Yet another dispute at the Madaket Harbor beach off Little Neck Way in August ended with a dog getting pepper sprayed by homeowner and veterinarian Scott White, who is now facing potential charges of animal cruelty.
The dog owner - island landscaper Ryan Conway - who was headed to the popular beach for a picnic with family and friends, is also facing a probable cause hearing for trespassing.
The incident, which occurred on Aug. 13, is just the latest at White’s property off Little Neck Way, where he has erected “no trespassing” signs and rope running down into the water at his beachfront home to dissuade beachgoers from crossing his property. White has had numerous confrontations with people walking at the beach, including a July 2021 incident in which he allegedly pushed a 79-year-old woman who pressed charges against White that were later dismissed.
White told the Current this week that Conway “is lying” about what happened, and that the incident is actually about an unleashed dog rather than having anything to do with beach access.
Conway said his dog - a two-year-old golden retriever named Ariel - is “the cutest, most well-behaved dog” on the island and while she was not on a leash that day, she was not threatening anyone and certainly did not deserve to be pepper sprayed.
A police report indicated officers responded to Little Neck Way around 4:42 p.m. on Aug. 13th for a “report of a dog being pepper sprayed.” White told the responding officers that Conway’s dog had come onto his property “barking and growling at him” and that he feared it was going to attack him. After pepper spraying the dog, he then went down the beach to inform its owner - Conway - about what had happened. White “stated they all began screaming at him and threatening him.”
The officers spoke to Conway, according to the report, who admitted the dog was off-leash and running around on the beach when White allegedly “ran down to the low tide mark and sprayed the dog with pepper spray.” In his report, Officer Andrew McNeilly noted that Conway’s dog “did not seem vicious; was sitting in a calm manner and had no reaction to the officers’ presence.”
While the incident ended that day with no arrests and White simply seeking a no-trespass order (which was secured), a subsequent incident three days later on Little Neck Way between some of the involved parties and White in which “dirty looks” were exchanged led to both sides seeking to press criminal charges.
The probable cause hearings for both White (on animal cruelty charges) and Conway (on trespassing charges) are scheduled to be heard Thursday in Nantucket District Court by clerk magistrate Don Hart, who will determine if there is probable cause to issue a complaint.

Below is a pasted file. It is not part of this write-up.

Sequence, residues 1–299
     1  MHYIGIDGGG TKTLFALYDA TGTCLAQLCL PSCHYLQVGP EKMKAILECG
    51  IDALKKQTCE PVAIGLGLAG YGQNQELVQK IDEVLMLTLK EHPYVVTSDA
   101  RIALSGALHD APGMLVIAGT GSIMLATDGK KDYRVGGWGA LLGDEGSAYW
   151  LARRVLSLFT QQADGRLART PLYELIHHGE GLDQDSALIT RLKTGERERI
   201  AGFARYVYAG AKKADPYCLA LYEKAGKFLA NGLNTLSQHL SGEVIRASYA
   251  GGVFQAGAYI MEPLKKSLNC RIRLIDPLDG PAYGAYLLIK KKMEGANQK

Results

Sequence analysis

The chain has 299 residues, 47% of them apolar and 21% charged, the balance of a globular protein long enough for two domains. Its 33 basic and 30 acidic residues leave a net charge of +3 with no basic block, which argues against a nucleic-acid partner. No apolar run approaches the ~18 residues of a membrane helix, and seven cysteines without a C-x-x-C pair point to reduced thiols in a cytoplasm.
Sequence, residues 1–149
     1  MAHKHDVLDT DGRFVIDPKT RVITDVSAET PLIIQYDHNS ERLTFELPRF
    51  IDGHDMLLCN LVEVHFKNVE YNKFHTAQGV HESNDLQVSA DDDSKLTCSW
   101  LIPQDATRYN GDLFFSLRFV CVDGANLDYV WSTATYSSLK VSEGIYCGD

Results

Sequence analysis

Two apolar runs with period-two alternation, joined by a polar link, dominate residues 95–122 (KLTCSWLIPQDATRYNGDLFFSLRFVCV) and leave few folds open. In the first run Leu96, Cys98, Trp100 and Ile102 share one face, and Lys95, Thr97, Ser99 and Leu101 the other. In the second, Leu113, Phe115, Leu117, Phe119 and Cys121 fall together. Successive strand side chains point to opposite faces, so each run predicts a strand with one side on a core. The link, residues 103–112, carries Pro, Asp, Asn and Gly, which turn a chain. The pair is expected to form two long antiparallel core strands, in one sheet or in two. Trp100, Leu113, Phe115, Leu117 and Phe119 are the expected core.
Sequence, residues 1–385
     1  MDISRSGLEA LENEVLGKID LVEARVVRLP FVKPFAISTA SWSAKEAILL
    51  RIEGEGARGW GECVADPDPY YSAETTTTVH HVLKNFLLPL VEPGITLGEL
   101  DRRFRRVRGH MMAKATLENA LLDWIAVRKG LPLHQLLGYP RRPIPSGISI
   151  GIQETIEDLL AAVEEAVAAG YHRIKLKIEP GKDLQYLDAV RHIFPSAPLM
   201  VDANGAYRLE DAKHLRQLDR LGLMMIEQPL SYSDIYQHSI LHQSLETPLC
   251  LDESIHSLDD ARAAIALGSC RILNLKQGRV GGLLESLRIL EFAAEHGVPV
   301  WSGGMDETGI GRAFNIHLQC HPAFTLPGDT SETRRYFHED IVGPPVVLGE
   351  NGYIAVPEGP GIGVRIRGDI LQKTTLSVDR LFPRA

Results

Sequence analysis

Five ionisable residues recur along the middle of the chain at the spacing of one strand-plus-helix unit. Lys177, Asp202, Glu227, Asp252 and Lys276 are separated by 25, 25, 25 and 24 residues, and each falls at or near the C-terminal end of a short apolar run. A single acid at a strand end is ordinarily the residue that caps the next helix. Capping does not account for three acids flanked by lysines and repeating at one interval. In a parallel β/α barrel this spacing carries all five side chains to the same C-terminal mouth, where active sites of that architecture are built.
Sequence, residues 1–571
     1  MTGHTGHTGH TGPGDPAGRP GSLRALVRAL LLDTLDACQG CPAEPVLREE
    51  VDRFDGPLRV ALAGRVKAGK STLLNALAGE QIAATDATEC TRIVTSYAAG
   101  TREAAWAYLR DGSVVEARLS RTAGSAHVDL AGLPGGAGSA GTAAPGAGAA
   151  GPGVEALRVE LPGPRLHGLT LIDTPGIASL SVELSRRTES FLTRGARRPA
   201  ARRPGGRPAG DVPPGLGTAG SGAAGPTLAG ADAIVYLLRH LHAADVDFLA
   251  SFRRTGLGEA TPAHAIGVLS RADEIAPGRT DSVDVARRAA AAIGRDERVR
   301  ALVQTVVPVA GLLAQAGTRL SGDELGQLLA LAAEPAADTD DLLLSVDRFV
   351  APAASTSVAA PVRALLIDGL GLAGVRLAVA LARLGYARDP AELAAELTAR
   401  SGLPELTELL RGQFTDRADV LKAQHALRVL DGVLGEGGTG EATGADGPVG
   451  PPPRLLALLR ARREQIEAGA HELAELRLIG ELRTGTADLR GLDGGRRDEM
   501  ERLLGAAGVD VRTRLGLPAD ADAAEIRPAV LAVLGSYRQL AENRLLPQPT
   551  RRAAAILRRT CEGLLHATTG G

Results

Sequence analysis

“We were going there with our children and friends to have a little picnic,” Conway recalled this week. “My two-year-old golden retriever is the cutest, most well-behaved dog. She was off-leash and went up to his property, which is the beach, right up to the grass line. She wasn’t barking at all, she’s extremely well-mannered and was just being a regular, good dog. He must have had pepper spray on him and he just sprayed her. That’s pretty cruel coming from a veterinarian. He said he was threatened for his life but there’s no way.”
White told the Current he was sitting on his beach chair at the edge of his property with his dog Dune when Conway’s dog came running, growling, and barking up the beach trail that leads to home. White said he felt as if the dog was ready to attack, and that both he and his dog were in danger, leading him to use the pepper spray.
White had pepper spray with him at the beach, he said, because dogs running off-leash and coming onto his property have been a problem in the past. White emphasized that pepper spray is an acceptable deterrent in such situations because they do not do any permanent damage to the dog and that that approach had been endorsed by the Nantucket Police Department’s animal control officer. He added that photos taken by the responding officers showed where he had sprayed Conway’s dog, which was well onto his property, up the path, and near the area where he had been sitting with his dog.
“This isn’t about beach access at my beach, this is about the leash law and a dog being off-leash,” White said.
In Massachusetts, beachfront property owners have rights to their property down to the mean low-water line, but the public retains the right to use the beach for “fishing, fowling, and navigation.” The state’s confusing beach rights laws - dating back to the colonial ordinances of 1641-1647, have led to some disputes over the years, but on Nantucket, none more so than with White at the Little Neck Way property. From July 2019 to August 2022, Nantucket police responded to at least 37 calls regarding trespassing at White’s property (we don’t have the numbers for this past summer).
While the latest incident occurred more than two months ago, the Nantucket Police Department rejected the Current’s public records request for the police report on the incident that was filed on Aug. 17th, several days after the incident occurred. The Current appealed the decision, and the Secretary of State’s office ruled in favor of our appeal and ordered the police department to release the record. After Nantucket Police Department deputy chief Charles Gibson filed a request for reconsideration of that decision, the state’s supervisor of records Manza Arthur rejected his arguments and ruled on Oct. 5 that the records must be released within 10 business days. The police report was finally sent to the Current on Oct. 16.